It doesn't matter on my computer monitor but it appears to matter between my blu-ray player and my TV set through my HDMI cable.

 

Why would the HDMI cable have anything to do with it?


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#11 David Mullen ASC

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Posted 10 October 2014 - 10:40 AM

I don't know why, I'm just giving all the clues I have.

 

As Phil suggests, it probably has something to do with the player being locked to Region 1/A specs.

 

My point is that if you plan on showing your transfer on a TV set through a disc player, pick a broadcast standard for the frame rate. If this is for the internet, it probably matter less what frame rate the transfer is in.


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#12 David Mullen ASC

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Posted 10 October 2014 - 10:45 AM

But all the old shows I saw in the 70s, a lot of which were reruns from shows from the 60s and 50s, all of which were US shows shot at 24fps, were essentially running at either 29 or 30 to match the video refresh rate.  They had been intentionally sped up to match the video refresh rates, and it's pretty annoying.

 

 

 

24 fps movies aren't "sped up" to be shown on 30 fps NTSC, they get a 3:2 pulldown added to spread out 48 fields over 60 fields.


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#13 George Ebersole

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Posted 10 October 2014 - 11:06 AM

David;

 

Yeah,. I know that that's the standard practice, but on the local WB affiliate (COZI TV?) a couple of the shows actually look sped up during the telecine process.  Remember all those old Star Trek and Mission Impossible reruns you saw, now imagine them sped up to 30fps, only the sound is adjusted such that it doesn't go up in pitch.

 

That's kind of what I'm talking about.  The odd thing is that it isn't very program, just a select few.  And I had actually seen this technique used in the 90s.

 

I don't know, maybe it's my imagination or something.  I'll have to keep an eye out for it.


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#14 David Mullen ASC

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Posted 10 October 2014 - 11:25 AM

I've never seen that but I suppose it's possible that some TV station with an old film chain and a print could run it at 30 fps in order to make the episode run shorter and squeeze more commercials in.  But if station didn't own the print, then that would mean that they got a 30 fps video copy with a 3:2 pulldown and were just speeding the video, which doesn't make much sense.


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#15 Bruce Greene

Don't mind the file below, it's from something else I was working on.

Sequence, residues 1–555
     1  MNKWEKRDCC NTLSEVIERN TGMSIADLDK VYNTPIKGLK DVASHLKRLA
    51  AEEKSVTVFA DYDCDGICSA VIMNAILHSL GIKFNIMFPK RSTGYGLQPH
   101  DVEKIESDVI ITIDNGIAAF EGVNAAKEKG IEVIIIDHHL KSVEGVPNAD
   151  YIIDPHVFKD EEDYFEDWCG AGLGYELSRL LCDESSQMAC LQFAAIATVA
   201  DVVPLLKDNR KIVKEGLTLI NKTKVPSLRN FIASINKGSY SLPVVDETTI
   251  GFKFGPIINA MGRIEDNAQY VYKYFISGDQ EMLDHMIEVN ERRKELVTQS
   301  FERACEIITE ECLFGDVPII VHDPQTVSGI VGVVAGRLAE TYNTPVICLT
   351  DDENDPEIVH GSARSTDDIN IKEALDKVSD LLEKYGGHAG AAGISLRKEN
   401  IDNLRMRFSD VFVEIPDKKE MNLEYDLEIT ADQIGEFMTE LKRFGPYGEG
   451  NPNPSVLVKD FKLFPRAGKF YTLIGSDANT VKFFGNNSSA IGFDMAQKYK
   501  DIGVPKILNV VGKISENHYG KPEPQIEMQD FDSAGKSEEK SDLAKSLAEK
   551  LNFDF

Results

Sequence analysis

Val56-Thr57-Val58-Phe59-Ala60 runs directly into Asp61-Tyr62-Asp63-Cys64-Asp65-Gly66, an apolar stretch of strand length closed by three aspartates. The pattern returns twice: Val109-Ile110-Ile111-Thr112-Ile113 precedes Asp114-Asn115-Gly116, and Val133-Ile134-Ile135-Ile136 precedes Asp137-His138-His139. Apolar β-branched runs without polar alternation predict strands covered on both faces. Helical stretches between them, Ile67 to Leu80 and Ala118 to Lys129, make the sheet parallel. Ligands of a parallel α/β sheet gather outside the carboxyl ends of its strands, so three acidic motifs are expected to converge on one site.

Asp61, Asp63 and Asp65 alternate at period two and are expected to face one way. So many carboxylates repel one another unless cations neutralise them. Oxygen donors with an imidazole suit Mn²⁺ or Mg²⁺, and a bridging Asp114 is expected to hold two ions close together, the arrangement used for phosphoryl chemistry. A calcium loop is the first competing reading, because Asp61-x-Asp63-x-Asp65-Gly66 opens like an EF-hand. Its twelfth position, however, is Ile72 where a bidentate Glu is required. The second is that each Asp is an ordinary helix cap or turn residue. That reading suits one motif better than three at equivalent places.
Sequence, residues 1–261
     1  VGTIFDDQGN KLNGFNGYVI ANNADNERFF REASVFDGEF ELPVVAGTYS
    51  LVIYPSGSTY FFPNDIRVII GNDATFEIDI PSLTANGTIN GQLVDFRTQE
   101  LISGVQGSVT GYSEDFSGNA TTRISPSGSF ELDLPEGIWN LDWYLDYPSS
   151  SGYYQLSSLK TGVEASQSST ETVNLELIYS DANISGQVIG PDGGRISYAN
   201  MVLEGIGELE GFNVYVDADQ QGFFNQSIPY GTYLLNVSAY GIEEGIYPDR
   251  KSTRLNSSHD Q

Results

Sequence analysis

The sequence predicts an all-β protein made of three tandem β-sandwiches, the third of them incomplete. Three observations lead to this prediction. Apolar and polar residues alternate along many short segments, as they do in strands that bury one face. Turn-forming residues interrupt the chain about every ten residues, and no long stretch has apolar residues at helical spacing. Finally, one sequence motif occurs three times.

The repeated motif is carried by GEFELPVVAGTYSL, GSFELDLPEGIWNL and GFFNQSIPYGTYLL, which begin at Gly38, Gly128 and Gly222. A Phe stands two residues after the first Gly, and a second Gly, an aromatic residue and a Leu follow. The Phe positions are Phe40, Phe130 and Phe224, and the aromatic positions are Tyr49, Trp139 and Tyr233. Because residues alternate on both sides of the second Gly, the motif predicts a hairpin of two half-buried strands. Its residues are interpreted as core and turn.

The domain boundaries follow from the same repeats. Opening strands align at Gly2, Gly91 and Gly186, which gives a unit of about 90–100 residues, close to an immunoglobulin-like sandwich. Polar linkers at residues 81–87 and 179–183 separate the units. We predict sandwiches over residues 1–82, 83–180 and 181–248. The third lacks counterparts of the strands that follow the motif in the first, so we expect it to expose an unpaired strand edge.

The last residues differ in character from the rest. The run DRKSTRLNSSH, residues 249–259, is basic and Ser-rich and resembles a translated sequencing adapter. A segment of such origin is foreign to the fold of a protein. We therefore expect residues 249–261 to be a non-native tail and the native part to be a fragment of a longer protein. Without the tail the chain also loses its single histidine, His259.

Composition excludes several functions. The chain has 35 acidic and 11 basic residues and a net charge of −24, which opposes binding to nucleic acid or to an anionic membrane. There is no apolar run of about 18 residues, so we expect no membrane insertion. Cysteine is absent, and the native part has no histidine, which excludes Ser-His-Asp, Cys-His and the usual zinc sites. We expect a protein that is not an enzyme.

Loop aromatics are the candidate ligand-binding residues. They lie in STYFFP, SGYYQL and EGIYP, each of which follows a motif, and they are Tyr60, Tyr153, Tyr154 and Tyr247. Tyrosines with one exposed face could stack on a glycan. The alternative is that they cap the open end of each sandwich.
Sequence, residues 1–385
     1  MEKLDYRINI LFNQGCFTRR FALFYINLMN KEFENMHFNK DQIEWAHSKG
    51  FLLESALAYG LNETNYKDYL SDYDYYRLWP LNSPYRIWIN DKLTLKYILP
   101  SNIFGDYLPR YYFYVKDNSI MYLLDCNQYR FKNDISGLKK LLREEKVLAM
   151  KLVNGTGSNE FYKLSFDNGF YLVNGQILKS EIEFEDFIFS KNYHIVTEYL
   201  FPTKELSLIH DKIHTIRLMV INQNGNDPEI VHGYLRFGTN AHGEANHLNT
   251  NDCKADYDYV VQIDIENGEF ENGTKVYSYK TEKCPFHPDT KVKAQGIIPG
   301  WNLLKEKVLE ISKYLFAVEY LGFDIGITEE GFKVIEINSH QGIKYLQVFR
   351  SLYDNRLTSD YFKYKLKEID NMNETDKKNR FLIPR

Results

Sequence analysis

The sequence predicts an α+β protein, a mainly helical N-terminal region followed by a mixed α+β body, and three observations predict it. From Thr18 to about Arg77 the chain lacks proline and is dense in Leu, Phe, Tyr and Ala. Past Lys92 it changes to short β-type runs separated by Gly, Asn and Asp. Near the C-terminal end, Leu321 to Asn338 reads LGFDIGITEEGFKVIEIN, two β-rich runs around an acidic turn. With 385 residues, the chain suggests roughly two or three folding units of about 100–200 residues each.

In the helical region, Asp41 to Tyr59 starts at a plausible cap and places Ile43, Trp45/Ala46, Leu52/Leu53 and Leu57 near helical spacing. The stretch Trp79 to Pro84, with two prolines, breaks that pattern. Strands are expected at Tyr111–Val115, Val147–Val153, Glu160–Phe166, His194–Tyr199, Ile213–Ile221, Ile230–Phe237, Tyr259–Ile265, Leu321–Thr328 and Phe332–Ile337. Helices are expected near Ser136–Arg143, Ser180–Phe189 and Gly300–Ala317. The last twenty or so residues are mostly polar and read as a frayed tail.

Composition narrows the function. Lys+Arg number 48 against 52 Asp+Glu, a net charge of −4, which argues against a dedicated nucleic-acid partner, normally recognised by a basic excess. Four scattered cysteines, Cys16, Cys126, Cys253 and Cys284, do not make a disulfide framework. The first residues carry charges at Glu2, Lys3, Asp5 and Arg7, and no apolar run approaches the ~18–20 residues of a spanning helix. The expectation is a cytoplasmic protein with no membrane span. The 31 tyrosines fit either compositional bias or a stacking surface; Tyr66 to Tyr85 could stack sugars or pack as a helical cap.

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Posted 10 October 2014 - 11:26 AM

I have seen the same effect, I think. The old shows are sped up to allow time for more commercials. But not all the way to 30fps. I think they just drop frames here and there...
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#16 George Ebersole

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Posted 10 October 2014 - 12:13 PM

I've never seen that but I suppose it's possible that some TV station with an old film chain and a print could run it at 30 fps in order to make the episode run shorter and squeeze more commercials in.  But if station didn't own the print, then that would mean that they got a 30 fps video copy with a 3:2 pulldown and were just speeding the video, which doesn't make much sense.

 

That's kind of what I was thinking.  I've heard it done for radio stations; compress talk show hosts audio to fit in more sponsors, but I hadn't heard of it being done for TV.  But, thinking about it, I'm guessing that's the reason for it.

 

I thought it was simply to make the transfer easier, and that the side effect was a shorter show that allowed more commercials.


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#17 George Ebersole

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Posted 10 October 2014 - 12:15 PM

I have seen the same effect, I think. The old shows are sped up to allow time for more commercials. But not all the way to 30fps. I think they just drop frames here and there...

 

Yeah, the other reason I thought it might be done was to improve the image quality.  When you see film that's slightly sped up the dust and other artifacts that might be on the print don't register with your eye.  I thought it might be an effort to make those shows look a little more presentable when broadcast, and thereby attract more viewers.   The upshot of which I guess is more commercial time.